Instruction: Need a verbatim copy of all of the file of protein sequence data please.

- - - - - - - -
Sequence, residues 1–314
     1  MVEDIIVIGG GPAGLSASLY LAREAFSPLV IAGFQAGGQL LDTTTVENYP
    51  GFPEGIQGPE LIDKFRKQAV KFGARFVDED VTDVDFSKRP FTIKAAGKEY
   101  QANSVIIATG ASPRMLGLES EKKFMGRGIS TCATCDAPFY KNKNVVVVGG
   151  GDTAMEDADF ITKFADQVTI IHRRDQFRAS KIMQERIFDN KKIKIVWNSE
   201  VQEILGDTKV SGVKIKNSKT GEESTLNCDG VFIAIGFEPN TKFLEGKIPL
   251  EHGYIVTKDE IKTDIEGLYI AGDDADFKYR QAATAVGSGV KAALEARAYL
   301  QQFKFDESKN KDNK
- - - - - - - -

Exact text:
Sequence, residues 1–314
     1  MVEDIIVIGG GPAGLSASLY LAREAFSPLV IAGFQAGGQL LDTTTVENYP
    51  GFPEGIQGPE LIDKFRKQAV KFGARFVDED VTDVDFSKRP FTIKAAGKEY
   101  QANSVIIATG ASPRMLGLES EKKFMGRGIS TCATCDAPFY KNKNVVVVGG
   151  GDTAMEDADF ITKFADQVTI IHRRDQFRAS KIMQERIFDN KKIKIVWNSE
   201  VQEILGDTKV SGVKIKNSKT GEESTLNCDG VFIAIGFEPN TKFLEGKIPL
   251  EHGYIVTKDE IKTDIEGLYI AGDDADFKYR QAATAVGSGV KAALEARAYL
   301  QQFKFDESKN KDNK